A friend of mine, John Pollock, lived in Cranleigh. I loved our in-depth discussions. On one such occasion, he helped me name the business. John came up with the name, along with other suggestions, but I was intrigued by the name *Entelechy. It meant ‘actuality from potentiality’ which was fantastic because I make things, I create things and I’m all about the actuality from the potential. I was born to build, make and create.
So the business began by making these boxes. My market research involved taking them around the Bond Street jewellers in London. The proposition was for high-end jewellery presentation, rather than mass manufactured boxes. There were mixed reviews. I look back now, wondering how I had the audacity as a 23 year old, visiting the top Bond Street jewellers, pressing the buzzers on the security doors, to be granted access. One particular gentleman said “If a client spends a million pounds on a piece of jewellery, how is this going to enhance their investment? ” A woman beside him, looked at him as if he was a Philistine and said “You’ve completely missed the point. I would love to be presented a beautiful piece of jewellery in this.”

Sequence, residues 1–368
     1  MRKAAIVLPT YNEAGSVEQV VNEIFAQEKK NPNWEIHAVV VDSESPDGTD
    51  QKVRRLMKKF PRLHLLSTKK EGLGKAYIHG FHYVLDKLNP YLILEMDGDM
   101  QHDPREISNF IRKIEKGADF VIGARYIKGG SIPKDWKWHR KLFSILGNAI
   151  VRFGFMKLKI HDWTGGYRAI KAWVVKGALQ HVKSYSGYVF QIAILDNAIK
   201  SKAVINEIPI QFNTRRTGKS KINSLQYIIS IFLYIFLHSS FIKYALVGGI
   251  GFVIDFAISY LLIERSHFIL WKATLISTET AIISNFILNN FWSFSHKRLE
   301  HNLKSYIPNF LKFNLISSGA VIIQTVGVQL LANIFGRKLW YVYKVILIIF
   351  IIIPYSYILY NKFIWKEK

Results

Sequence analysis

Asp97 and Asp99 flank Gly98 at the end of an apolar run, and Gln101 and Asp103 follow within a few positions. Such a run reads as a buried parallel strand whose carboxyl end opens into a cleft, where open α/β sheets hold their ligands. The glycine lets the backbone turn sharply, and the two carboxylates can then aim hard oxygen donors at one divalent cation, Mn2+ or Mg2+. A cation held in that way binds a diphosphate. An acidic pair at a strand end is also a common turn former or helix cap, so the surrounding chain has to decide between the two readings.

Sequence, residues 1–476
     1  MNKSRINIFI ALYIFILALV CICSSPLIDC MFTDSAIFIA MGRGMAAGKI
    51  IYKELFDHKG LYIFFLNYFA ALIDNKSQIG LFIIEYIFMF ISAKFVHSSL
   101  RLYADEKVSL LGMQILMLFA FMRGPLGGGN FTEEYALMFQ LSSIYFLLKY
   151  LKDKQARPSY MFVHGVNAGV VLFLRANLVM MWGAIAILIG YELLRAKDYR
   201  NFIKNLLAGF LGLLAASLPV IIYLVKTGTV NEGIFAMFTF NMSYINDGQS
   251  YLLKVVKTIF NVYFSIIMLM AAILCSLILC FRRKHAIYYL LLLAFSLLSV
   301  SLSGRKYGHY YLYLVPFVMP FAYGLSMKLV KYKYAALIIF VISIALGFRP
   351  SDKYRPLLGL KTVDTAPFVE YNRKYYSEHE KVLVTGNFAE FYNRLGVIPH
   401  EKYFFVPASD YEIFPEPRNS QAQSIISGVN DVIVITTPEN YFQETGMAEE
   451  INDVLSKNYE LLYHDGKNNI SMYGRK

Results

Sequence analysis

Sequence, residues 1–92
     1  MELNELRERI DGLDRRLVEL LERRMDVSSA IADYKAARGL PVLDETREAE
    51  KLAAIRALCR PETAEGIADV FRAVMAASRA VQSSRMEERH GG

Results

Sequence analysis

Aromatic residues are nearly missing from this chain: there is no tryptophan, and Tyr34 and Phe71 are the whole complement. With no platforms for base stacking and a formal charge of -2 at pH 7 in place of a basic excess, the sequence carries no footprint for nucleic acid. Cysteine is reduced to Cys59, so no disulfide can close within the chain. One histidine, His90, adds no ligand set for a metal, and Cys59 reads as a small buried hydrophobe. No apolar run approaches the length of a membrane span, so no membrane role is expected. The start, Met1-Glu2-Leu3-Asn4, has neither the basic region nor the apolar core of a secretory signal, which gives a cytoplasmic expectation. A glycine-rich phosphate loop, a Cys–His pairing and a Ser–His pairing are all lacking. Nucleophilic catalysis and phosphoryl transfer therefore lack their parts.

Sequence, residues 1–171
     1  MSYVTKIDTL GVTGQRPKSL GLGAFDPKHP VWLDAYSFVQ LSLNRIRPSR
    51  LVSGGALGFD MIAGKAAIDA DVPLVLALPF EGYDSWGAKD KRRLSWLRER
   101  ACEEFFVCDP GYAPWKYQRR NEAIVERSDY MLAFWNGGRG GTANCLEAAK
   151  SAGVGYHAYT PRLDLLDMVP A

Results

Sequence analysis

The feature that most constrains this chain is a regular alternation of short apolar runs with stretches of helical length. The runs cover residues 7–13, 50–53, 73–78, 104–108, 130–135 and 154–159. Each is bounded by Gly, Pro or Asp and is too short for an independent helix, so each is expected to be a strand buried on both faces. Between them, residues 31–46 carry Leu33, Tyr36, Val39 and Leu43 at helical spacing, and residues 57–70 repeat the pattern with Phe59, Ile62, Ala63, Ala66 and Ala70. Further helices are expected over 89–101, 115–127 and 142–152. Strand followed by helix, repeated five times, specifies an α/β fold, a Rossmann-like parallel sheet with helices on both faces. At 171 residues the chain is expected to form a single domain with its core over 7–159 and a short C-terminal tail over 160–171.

The Pentagon box hinged with 5 opening lids
One company said to leave a few boxes with them to see if they sold, but I wasn’t in a position to leave my exhibits behind. The concept was for ‘’one off bespoke commissions’’. I’ll never know if that idea would have taken off as I moved back to the briefcases which were more saleable. I needed to make a living and attended markets and street fairs to sell my range of products, which by this time, also included coffee tables, which did particularly well, due to a fascinating range of Italian veneers I had discovered at a trade fair. I received enquiry phone calls from all sorts of people. Good Housekeeping Magazine rang me once – they were going to do an article. They never did – story of my life!